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3 Tips From The Business World That Work As Relationship Advice, Too

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3 Top Tips From The Business World That Will Help Your Relationship
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Love, Self

So listen up.

There’s that line from a song by Tina Turner: "What's love got to do with it?"

Well, the same could be said for empathy. Empathy has a lot to do with it and a lot to do with love. 

In business, leaders are encouraged to develop their emotional intelligence, often referred to as the soft skills of encouragement and bringing people with you.

Rather than ruling with fear and aggression, leaders are encouraged to listen to their people and, for the most part, allow their employees to do what they are good at instead of getting everyone to do exactly the same thing as everyone else. 

Empathy is one of the key pillars of emotional intelligence mostly described as seeing things from the other person's point of view.

Some would say that in order to be empathic, you need to be in the other person’s shoes. See what they are seeing, hear what they are hearing, and most importantly, feel all the emotions they are feeling.

Sounds a bit soft, doesn’t it? 

Watch Dr. Helen Riess' TED Talk about the power of empathy.

 

The fact is, unless you are a natural empath, empathy can be hard to do, especially if you are male.

Getting in touch with your feelings is something that men, in particular, are trained to hide as they grow up. How many times have you heard or even said, "Grow up and be a man about it!" or just "Man up!"?

Years later, when they are the leader at work, they are expected to get back in touch with those feelings. And not just at work either. Men are also encouraged to tap into their feelings in their relationships, and for some, doing this is very difficult.

 

RELATED: The Science Behind Empathy And Being An Empath

 

So, what can you do about it?

To develop empathy, there are 3 aspects: listening, curiosity, and emotional connection.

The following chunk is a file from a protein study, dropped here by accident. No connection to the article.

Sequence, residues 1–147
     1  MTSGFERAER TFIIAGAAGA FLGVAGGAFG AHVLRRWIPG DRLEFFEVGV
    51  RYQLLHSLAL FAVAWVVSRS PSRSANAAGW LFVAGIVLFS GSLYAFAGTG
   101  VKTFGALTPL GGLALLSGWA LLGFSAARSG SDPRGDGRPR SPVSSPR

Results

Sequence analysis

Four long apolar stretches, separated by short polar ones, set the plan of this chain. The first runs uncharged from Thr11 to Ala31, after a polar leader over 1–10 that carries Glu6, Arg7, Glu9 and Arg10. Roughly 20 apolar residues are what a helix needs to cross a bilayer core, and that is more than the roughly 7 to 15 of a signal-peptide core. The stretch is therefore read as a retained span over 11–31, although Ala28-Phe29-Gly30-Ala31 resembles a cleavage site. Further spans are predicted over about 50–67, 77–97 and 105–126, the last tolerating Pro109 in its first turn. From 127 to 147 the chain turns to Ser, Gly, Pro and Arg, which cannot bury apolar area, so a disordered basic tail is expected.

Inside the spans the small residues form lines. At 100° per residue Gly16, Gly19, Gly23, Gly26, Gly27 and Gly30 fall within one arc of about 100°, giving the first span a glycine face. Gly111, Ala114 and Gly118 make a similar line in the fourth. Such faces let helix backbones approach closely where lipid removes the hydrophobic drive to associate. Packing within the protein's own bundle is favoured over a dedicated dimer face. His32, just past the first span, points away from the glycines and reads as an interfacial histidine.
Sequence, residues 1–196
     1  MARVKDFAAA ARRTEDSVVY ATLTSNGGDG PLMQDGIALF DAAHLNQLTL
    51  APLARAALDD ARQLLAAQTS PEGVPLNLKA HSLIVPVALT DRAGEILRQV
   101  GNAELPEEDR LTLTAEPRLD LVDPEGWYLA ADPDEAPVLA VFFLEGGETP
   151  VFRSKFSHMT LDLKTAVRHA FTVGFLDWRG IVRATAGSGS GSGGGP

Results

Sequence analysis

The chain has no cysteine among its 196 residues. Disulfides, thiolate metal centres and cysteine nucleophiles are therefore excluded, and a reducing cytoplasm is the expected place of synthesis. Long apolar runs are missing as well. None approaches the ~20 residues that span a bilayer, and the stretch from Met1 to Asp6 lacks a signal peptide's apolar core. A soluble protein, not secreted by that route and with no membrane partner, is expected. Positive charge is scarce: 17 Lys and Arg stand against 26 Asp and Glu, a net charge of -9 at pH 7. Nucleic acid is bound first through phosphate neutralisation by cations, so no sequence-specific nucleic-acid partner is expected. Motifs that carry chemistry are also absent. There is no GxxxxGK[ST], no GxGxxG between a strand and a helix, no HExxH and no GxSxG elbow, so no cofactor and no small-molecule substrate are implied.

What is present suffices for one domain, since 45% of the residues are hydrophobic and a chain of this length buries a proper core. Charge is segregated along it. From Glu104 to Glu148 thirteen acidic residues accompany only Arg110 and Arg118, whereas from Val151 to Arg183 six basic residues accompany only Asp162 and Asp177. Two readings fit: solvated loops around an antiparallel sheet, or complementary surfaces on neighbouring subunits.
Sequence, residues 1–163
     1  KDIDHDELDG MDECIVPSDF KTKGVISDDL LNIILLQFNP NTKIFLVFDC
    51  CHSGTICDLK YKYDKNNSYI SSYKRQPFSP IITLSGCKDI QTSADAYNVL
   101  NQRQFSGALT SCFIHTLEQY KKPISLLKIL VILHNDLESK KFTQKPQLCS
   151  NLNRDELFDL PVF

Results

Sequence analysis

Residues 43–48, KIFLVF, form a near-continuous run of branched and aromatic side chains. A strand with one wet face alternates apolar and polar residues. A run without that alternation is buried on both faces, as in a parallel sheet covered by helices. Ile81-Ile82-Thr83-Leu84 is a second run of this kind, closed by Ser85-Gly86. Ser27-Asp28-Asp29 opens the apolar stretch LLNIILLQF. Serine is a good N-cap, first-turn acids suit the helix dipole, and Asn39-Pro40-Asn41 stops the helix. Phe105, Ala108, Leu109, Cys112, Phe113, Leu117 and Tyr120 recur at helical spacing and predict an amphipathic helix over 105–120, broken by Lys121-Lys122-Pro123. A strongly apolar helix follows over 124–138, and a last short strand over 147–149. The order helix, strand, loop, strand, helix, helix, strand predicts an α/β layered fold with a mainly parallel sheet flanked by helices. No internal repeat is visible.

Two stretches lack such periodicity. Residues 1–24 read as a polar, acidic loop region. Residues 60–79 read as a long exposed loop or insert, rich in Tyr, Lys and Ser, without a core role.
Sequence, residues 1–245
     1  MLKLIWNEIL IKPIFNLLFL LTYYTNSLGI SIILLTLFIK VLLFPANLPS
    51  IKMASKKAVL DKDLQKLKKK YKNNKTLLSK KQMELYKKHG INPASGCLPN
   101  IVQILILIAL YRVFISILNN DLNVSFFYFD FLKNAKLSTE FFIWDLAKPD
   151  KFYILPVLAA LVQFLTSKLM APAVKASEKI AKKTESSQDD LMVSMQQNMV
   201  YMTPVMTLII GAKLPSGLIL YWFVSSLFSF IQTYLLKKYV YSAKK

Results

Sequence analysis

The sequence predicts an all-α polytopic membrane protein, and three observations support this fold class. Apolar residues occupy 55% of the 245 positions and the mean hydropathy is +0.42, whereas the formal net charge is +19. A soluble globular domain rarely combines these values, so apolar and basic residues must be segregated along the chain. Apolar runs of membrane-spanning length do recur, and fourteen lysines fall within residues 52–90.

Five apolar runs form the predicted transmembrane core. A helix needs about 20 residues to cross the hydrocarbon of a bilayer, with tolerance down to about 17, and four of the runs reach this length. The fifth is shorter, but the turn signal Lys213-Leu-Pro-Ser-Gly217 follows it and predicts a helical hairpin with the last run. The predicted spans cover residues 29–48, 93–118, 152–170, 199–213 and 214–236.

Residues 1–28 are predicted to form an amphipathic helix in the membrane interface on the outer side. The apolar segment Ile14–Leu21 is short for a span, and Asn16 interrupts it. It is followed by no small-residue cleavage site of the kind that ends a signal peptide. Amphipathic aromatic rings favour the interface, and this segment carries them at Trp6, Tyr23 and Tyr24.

Let’s assume a normal experience in most households at the end of the working day. The wife, girlfriend, or partner comes home and announces that they had a terrible day at work. You're not in too much a good mood to hear this but you will anyway and invite the conversation to start.

To learn how to help a relationship in trouble become right again, do the following with the 3 aspects of em:

1. Listen — no, actually listen.

Listening can be tricky because most of the time, the man is doing 2 things while he listens. The first thing he does is to figure out how to fix the problem he's heating about and while he is doing that, the voice in his head is blocking out the voice of his loved one.

In order to truly listen, pay attention to every word being spoken. Easy to say…difficult to do.

2. Ask questions to show you care.

The natural tendency is to blurt out how to fix the problem you've just heard, but that doesn’t show any empathy at all. What you need to develop empathy is to ask questions about what you have just heard.

Nothing huge or deep but the mere act of a few well-placed comments like "That’s interesting…tell me more" or a couple of "What then?" helps the other person feel connected and feel that you care.

 

RELATED: 9 Things The Happiest Couples ALWAYS Talk About

 

3. Repeat back what you partner has shared with you. 

Finally, it’s time to flex your emotional connection and it’s easier than you think if you have listened with curiosity. You paraphrase everything you've just heard and play it back without fixing anything.

This demonstrates, above all else, that your partner has been listened to. Then wrap it all up with, "So…what are you going to do about it?"

Anyone trying this out of the first time may find it very functional but keep at it. In time with will start to feel natural and automatic. That’s when you know you’ve not only developed empathy but also deepened the relationship with your loved one.

Martin Daubney is an international coach, trainer, and facilitator based in Basel, Switzerland specializing in Leadership and Team Development.

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